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Scott Beckstead: The Onaqui horses of Utah deserve humane treatment

Our wild horses and burros have long captured the public imagination, and when the American people learned about the harassment and cruelty these iconic creatures had endured from “mustangers” — profiteers who captured the animals and sold them for pet food — they called on Congress to pass the Wild Free Roaming Horses and Burros Act of 1971.

As a preface to the legislation, Congress decreed that “wild free-roaming horses and burros shall be protected from capture, branding, harassment, or death; and to accomplish this they are to be considered in an area where presently found, as an integral part of the natural system of the public lands.”

Among the most beloved of all the wild herds are the famed Onaqui horses of the West Desert in Utah. Known for their rugged beauty and their ability to thrive in this forbidding high desert, the Onaqui have attracted admirers the world over. Some of them trek to Utah to gain a firsthand look, with a glimpse of Old Man, the grand patriarch stallion, sure to quicken their pulse. These photographers and other tourists boost the local economy and the horses have become the center of an ecotourism business without even trying.

Not alert to the economic benefits the horses provide, the Bureau of Land Management is planning a helicopter roundup of the Onaqui horses to commence in early July, intent on removing 300 from the range. The horses will be stampeded into traps, chased to the point of utter exhaustion, and some will be injured. Some are likely to die from their injuries, or worse, be killed by the BLM if they are injured, elderly or underweight.

New foals will be at special risk of injury and death. Family bands will be permanently torn asunder; proud stallions known by names like “Charger,” “Buck,” Goliath,” and “Moondrinker” will be separated from their families, castrated and consigned to defeat in a barren BLM feedlot. The agency plans to send the horses to a sad and uncertain future in BLM holding facilities, or making them available for adoption by unscrupulous profiteers, who under the agency’s Adoption Incentive Program, will receive a thousand dollars per horse from the BLM and then sell them later for slaughter.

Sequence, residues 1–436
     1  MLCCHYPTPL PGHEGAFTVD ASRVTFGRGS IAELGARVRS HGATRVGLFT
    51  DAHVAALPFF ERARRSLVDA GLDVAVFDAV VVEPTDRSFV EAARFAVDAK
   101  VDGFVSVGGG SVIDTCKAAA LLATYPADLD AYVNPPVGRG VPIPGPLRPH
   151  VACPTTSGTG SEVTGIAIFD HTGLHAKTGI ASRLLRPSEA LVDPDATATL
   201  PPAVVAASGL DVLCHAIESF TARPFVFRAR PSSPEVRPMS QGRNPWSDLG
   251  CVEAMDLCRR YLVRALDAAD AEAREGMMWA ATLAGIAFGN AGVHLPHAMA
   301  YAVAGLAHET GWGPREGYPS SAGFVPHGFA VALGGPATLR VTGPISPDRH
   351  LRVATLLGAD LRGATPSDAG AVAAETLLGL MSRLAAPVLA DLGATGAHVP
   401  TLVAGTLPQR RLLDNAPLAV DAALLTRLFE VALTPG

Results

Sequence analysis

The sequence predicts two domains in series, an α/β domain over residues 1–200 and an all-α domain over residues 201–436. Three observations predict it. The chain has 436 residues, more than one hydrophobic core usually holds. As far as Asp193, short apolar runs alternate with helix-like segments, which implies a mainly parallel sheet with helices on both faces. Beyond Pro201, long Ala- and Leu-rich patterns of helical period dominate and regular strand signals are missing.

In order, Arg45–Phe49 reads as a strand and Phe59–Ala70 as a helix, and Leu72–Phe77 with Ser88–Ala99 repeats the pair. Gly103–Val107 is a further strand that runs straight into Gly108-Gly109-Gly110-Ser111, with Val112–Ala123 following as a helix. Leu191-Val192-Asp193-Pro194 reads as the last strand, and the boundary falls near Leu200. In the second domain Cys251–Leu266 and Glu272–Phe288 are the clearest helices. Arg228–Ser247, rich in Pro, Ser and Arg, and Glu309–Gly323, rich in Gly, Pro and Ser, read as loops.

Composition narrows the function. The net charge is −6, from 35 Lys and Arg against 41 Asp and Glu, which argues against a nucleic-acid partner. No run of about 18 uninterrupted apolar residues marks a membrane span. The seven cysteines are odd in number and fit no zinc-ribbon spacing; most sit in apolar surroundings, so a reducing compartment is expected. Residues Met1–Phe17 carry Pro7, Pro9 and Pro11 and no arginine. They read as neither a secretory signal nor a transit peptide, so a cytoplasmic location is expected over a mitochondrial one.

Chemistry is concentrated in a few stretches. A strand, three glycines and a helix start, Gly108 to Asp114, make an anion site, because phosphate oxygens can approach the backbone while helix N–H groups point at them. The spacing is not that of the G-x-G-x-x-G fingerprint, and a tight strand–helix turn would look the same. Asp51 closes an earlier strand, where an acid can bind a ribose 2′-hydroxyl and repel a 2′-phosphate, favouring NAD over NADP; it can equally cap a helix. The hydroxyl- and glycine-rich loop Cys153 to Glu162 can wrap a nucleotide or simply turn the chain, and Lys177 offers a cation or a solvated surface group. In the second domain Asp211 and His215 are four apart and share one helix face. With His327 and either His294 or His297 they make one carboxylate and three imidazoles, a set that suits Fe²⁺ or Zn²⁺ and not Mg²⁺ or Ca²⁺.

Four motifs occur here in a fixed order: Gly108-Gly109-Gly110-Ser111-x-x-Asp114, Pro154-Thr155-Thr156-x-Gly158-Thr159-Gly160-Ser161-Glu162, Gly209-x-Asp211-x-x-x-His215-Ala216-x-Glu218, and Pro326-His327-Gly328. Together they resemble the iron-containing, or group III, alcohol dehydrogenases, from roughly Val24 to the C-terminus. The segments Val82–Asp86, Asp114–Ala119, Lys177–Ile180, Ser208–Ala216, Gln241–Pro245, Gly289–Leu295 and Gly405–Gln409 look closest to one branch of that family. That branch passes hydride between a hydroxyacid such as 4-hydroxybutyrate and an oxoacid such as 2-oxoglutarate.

The BLM is trumping up charges against the horses, falsely claiming the horses threaten the range. But to put the BLM’s position in perspective, while it claims 500 horses are too many for the range, the agency allows grazing on the range by over 26,000 cattle and sheep. In fact, if one were to drive out to the Onaqui Herd Management Area, they may see a handful of wild horses, but are far more likely to see hundreds or even thousands of sheep and cattle. The BLM tries to create alarm over 3,000 wild horses living in Utah, yet does nothing to address the effects of cattle and sheep, which according to the agency’s website number well over a million.

Thousands of taxpayers have called and emailed the Utah offices of the BLM to plead for the Onaqui horses. Even actress Katherine Heigl, who lives in Summit County and owns horses of her own, has joined with our organization in a public awareness campaign to stop the roundup. Judging from its public statements, though, the BLM is ignoring the American public, instead heeding the wishes of the corporate livestock industry, which wants all wild horses and burros removed as competition for forage.

As a descendant of Mormon pioneers and an alum of both Utah State and the University of Utah, I feel a deep connection to the Onaqui horses. Like so many others, I have marveled at incredible photographs of Onaqui stallions battling for supremacy, mares and foals resting peacefully among the wildflowers, and entire herds galloping as one across the desert landscape.

The Onaqui horses are important to Utah’s history, culture, and pioneer heritage. Instead of subjecting them to the terror, confusion and chaos of the helicopter roundups, we urge the BLM to use proven fertility control to manage them humanely on the range where they belong.

Scott Beckstead |

Scott Beckstead, Sutherlin, Oregon, is director of campaigns for Animal Wellness Action and the Center for a Humane Economy.

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